top of page
  • Writer's pictureZachary Zanatta

"The Texas Chainsaw Massacre" Ranked

The Texas Chainsaw Massacre is probably the most important movie in slasher history, and the horror genre as a whole. A pioneering work of horror birthed from the American New Wave; Texas Chainsaw redefined what horror could be. The series has since had 8 installments with a ninth one coming out this month, extending the franchise into its 48th year. So, with this new installment coming out, what better time than to revisit and rank all 8 parts of one of the most iconic horror series in American history.

#8: The Texas Chainsaw Massacre: The Next Generation (1995) dir. Kim Henkel

The Next Generation is the 4th in the series and undoubtedly the most bizarre. After the second film established a goofier tone, and the third one basically annihilated the thematic depth of the first two, the 4th one threw all caution to the wind with a complete disaster of a film. This film copies the original’s story almost line for line (They even reuse the “Look what your brother did to the door” line) only difference being an unnecessary introduction of more lore. If you read my analysis of Friday the 13th you understand that I believe that simplicity is key in a slasher franchise, and The Next Generation goes the complete opposite direction. This installment added a cyborg Matthew McConaughey who works for the cannibal illuminati that killed JFK, and I think that best sums up the embarrassment that is The Texas Chainsaw Massacre: The Next Generation.

#7: Leatherface: The Texas Chainsaw Massacre III (1990) dir. Jeff Burr

Leatherface isn’t just a bad movie, it’s the death of a series. Each franchise had a moment where the franchise dies and the original (or other good ones) becomes a distant memory in a bloated carcass of uninspired slashers. Leatherface is a potent example of that franchise death. It copies the original plot but fundamentally misunderstands what made it special. While it’s easy to call this one mindless, it feels more like a slap in the face to the original and a very dark omen for what the franchise held in store.

#6: The Texas Chainsaw Massacre: The Beginning (2006) dir. Jonathan Liebesman

The prequel to the remake is just slightly more uninspired and awful than its predecessor. The Beginning decides to pay homage to the potent Vietnam themes of the original by including a Vietnam draft subplot. Unfortunately, that’s where the similarities end. This is a rehash of the 2006 remake with slight tweaks in makeup to make characters look younger. Shockingly unoriginal and barely even a slasher, let alone Texas Chainsaw movie. Another in a long line of disastrous horror prequels.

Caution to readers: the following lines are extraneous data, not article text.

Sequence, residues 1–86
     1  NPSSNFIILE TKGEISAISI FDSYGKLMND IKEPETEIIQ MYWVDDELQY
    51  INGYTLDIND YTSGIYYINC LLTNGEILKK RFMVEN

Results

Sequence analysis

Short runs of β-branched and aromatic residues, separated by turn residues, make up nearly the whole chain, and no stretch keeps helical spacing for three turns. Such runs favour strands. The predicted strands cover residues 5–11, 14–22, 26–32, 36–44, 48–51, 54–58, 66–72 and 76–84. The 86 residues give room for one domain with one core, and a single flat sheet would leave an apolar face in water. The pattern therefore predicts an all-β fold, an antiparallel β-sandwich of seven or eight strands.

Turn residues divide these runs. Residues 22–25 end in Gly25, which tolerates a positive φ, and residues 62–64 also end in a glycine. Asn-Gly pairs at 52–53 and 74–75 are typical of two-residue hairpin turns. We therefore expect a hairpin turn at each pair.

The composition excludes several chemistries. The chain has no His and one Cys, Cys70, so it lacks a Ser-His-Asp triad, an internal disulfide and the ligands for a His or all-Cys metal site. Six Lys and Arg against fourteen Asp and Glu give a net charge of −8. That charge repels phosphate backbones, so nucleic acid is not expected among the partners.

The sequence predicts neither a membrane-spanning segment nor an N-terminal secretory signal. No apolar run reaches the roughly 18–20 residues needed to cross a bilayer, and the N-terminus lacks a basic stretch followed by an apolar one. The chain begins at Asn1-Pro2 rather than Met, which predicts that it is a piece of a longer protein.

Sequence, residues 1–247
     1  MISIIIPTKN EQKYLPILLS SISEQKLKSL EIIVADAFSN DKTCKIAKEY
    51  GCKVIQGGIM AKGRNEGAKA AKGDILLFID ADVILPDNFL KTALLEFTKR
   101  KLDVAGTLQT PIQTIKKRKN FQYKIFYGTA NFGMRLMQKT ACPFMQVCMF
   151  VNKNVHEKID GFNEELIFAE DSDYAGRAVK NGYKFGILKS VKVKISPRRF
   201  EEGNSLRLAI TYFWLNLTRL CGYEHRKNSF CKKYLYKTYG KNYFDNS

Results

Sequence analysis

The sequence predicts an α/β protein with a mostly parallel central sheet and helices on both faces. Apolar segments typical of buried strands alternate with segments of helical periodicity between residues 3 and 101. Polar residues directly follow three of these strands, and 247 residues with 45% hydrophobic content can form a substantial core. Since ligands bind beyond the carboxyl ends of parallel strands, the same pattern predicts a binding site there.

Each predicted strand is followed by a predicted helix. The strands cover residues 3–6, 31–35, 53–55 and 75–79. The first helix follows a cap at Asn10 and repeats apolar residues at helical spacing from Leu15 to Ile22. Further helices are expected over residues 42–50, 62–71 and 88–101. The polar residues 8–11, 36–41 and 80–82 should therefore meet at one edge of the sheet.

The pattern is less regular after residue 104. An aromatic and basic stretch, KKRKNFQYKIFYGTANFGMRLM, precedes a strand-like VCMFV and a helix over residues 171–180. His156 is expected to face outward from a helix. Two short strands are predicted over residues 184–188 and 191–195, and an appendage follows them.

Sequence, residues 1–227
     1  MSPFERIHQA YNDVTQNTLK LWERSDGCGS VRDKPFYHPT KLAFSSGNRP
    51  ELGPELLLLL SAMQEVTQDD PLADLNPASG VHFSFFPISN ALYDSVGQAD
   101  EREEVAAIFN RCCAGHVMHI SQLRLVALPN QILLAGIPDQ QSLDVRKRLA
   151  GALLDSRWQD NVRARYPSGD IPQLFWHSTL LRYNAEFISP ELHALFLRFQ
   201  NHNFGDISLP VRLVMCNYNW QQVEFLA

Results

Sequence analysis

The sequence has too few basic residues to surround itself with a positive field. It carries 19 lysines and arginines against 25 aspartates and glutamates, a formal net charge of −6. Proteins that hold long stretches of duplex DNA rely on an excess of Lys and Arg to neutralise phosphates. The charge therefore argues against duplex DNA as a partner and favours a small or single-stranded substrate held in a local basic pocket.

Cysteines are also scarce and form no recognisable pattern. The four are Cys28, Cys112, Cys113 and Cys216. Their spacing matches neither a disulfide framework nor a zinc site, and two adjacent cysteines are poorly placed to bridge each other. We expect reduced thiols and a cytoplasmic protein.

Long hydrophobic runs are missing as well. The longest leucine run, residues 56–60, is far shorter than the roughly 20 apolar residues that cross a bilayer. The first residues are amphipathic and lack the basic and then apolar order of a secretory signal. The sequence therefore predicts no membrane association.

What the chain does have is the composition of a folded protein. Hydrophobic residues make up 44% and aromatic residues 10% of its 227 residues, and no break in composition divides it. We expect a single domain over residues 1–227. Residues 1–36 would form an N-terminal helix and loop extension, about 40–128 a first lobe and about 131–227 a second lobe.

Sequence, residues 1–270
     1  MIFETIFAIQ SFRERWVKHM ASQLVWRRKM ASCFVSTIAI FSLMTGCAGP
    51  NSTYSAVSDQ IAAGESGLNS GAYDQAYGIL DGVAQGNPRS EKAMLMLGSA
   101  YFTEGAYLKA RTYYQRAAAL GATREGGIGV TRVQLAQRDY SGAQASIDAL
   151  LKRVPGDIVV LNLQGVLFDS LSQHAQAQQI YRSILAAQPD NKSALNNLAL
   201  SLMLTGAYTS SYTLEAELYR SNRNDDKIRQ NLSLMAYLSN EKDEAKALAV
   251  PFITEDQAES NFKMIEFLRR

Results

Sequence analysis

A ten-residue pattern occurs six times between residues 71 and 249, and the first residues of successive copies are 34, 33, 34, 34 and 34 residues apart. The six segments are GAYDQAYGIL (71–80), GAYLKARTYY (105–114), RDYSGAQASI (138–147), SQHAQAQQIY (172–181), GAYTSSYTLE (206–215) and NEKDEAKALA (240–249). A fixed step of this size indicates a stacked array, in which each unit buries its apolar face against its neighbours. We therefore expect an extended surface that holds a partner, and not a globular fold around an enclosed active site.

#5: The Texas Chainsaw Massacre (2003) dir. Marcus Nispel

The best thing I can say about the remake is that it takes some story risks. Unfortunately, those story risks end up causing more harm than good and we get yet another unnecessary horror remake. It’s an interesting type of film as it does feel remarkably different in the overall series, but it still ends up failing in the same ways. Anyways, definitely the worst of the 2000’s horror remake trend. The Hills Have Eyes is the best in case you’re wondering.

#4: Leatherface (2017) dir. Julien Maury & Alexandre Bustillo

Leatherface takes the franchise in another bold direction with a proper Leatherface origin story, albeit one that nobody asked for. The highlight of this is certainly the extreme gore courtesy of French directors Julien Maury and Alexandre Bustillo, responsible for the controversial 2007 film, Inside. The gore is arguably the most intense of the series, but the accolades stop there. A Leatherface origin is a fundamentally broken idea, and the abysmal storytelling on display is proof. Most interesting thing about it is how it’s the second prequel in a single franchise.

#3: Texas Chainsaw 3-D (2013) dir. John Lussenhop

This is where we luckily pivot from abysmal and unwatchable to not great but fun. 3D is what the franchise should’ve been since the third, mindless horror. It fully severs itself from the original’s brilliance and decides to be stupid. This stupidity is a double-edged sword though. We get fun violence, ridiculous plots, and an unbelievably hilarious redemption arc for the bloodthirsty serial killer/cannibal, Leatherface. At the same time, characters are awful, the effects are terrible, and there’s a lot of filler content. Still, there’s enough to enjoy making it worthwhile in the series, but it is certainly not a good movie by any means.

#2: The Texas Chainsaw Massacre 2 (1986) dir. Tobe Hooper

The only other movie in the series directed by Tobe Hooper might just be the most insane movie in the series. Hooper obviously understood that the original was a product of the cultural zeitgeist of the time and attempting to recapture that feeling of apocalyptic dread would be a fool’s errand. As a result, Texas Chainsaw 2 pivots to full blown comedy, a ridiculously over the top piece of satire. While the goofiness is fun, it often flies too close to the sun and becomes irritating. I personally found the character Chop Top to be particularly grating, but he’s carved out his own niche in cult horror. Regardless, Texas Chainsaw 2 is a great time and a memorable horror/comedy with an incredibly unhinged performance from the legendary Dennis Hopper.

#1: The Texas Chainsaw Massacre (1974) dir. Tobe Hooper

It was never even close. The 1974 Texas Chainsaw Massacre is one of the best films ever made. Period. A blistering descent into pure evil that reflected an America in decline. Perfect cinematography, unnerving sound, horrifying production design, and a crew who braved abhorrent conditions to make a masterpiece. A perfect horror film and an unforgettable snapshot of a decaying democracy, there will never be another movie like the original Texas Chainsaw Massacre.

144 views0 comments

Recent Posts

See All


bottom of page